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94 of 100 people found the following review helpful
5.0 out of 5 stars The steep learning curve of a Marine officer warrior
"(Filling sandbags,) the small E-tool burned his blisters and sores. He watched the blood and pus from the jungle rot on his fingers and wrists smear in with the mud and rainwater. He paused occasionally to wipe his hands on his trousers, not even thinking that he had to sleep in them. Everything soon had the same greasy consistency anyway, mixing in with the urine that...
Published on 25 Mar 2010 by Joseph Haschka

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48 of 51 people found the following review helpful
3.0 out of 5 stars I fought in a different Vietnam War
I read the novel primarily because I had served as an Army infantry lieutenant in Vietnam during 1967 and 1968. Generally I prefer to read non-fiction and have not read a novel of the Vietnam War since Tim O'Brien's 1979 novel, Going After Cacciato. I found myself becoming immersed as the author was dealing with similar issues such as gaining the respect of his men upon...
Published on 1 Aug 2011 by A. T. Lawrence


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94 of 100 people found the following review helpful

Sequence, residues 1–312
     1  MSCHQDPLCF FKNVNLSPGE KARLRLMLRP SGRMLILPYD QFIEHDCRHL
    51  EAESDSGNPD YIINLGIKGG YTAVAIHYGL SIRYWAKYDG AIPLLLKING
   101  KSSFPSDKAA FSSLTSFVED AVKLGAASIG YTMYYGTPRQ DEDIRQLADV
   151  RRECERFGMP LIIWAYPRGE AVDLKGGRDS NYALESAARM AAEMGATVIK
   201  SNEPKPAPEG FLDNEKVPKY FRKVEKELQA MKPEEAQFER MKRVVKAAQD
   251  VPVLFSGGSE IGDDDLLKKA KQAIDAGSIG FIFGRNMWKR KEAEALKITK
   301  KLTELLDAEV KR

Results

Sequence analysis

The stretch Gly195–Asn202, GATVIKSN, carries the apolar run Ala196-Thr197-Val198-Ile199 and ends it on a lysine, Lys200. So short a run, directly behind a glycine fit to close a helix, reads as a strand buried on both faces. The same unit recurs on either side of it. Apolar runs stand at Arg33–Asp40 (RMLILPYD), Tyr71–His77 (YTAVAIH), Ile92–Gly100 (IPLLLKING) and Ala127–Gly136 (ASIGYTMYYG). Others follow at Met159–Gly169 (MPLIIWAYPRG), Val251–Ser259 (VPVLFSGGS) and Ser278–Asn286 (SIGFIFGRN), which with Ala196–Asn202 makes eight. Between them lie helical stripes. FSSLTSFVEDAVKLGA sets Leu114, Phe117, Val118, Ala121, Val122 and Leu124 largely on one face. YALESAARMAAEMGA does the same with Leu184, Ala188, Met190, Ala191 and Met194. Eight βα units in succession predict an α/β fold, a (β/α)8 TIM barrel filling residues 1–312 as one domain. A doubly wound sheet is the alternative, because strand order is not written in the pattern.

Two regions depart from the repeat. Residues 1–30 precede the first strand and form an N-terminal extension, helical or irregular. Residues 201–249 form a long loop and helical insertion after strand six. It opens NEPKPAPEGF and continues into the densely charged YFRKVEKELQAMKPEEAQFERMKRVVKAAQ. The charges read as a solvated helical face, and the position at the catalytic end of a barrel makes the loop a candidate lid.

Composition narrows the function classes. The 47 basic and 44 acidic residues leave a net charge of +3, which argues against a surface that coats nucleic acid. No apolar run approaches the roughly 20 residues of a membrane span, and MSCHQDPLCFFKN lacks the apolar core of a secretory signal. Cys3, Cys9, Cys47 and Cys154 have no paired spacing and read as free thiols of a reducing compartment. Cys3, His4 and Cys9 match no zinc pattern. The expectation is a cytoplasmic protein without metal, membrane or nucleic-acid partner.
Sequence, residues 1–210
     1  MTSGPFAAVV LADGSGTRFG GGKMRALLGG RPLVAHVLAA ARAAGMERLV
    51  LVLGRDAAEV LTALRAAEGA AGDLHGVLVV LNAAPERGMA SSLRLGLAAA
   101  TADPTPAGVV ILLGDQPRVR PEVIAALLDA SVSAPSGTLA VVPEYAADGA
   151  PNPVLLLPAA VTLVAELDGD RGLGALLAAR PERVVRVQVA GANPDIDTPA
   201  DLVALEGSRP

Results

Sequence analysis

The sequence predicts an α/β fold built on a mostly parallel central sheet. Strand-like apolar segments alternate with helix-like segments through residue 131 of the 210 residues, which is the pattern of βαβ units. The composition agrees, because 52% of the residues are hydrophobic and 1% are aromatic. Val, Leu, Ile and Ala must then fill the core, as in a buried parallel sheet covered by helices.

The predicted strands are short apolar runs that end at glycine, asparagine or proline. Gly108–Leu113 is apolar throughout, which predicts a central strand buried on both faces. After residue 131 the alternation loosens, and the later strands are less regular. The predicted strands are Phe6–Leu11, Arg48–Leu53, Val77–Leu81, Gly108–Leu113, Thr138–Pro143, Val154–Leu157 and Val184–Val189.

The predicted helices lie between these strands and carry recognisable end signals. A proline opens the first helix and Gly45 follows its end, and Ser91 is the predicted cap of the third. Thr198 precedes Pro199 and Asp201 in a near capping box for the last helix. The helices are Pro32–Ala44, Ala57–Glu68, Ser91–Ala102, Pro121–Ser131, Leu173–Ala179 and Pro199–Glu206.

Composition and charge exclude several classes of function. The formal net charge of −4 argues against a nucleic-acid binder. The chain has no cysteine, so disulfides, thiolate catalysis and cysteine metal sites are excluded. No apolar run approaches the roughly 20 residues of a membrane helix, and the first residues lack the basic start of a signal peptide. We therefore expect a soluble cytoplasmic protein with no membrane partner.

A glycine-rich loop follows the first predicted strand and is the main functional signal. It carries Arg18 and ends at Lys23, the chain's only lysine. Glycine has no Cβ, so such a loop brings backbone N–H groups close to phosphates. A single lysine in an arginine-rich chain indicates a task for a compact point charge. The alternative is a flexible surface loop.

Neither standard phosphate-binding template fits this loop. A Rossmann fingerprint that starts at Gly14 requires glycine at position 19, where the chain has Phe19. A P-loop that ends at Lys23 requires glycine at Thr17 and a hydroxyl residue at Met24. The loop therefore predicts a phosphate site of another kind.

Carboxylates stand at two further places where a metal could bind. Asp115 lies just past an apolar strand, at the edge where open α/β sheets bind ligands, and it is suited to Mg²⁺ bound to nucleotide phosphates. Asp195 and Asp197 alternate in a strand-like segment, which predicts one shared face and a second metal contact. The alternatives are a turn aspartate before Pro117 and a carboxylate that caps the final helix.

5.0 out of 5 stars The steep learning curve of a Marine officer warrior, 25 Mar 2010
By 
Joseph Haschka (Glendale, CA USA) - See all my reviews
(TOP 500 REVIEWER)    (HALL OF FAME REVIEWER)   
"(Filling sandbags,) the small E-tool burned his blisters and sores. He watched the blood and pus from the jungle rot on his fingers and wrists smear in with the mud and rainwater. He paused occasionally to wipe his hands on his trousers, not even thinking that he had to sleep in them. Everything soon had the same greasy consistency anyway, mixing in with the urine that he couldn't quite cut off because he was so cold, the semen from his last wet dream, the cocoa he'd spilled the day before, the snot he rubbed off, the pus from his skin ulcers, the blood from the popped leaches, and the tears he wiped away so nobody would see that he was homesick." - A teenage Marine in the field, in MATTERHORN

MATTERHORN is the phenomenal first-novel by Karl Marlantes about the experience of being a Marine infantryman in Vietnam. Even if you didn't know (from the book's back cover) that the author is a veteran of that conflict, you'd know from the very first page that he'd been there and experienced or witnessed all it had to offer: the mud, leeches, jungle rot, immersion foot, drenching rain, fog, mosquitoes, tigers, C-rations, dank hooches, weaponry, scout dogs, jungle marches, razor-sharp elephant grass, barbed wire, entrenchments, infantry assaults, mortar attacks, battlefield first-aid, perilous helicopter missions, racism, fraggings, exhaustion, supply failures, death of friends, horrific wounds, land mines, incompetent command leadership, ammunition shortages, dysentery, close-up and personal killing, terror, boredom, homesickness, short-timer sticks, and blood-lust. Also, the simple pleasures of a warm Coke or hot coffee on the front lines or a cold beer and cleansing shower in the relative relaxation of a rear staging area.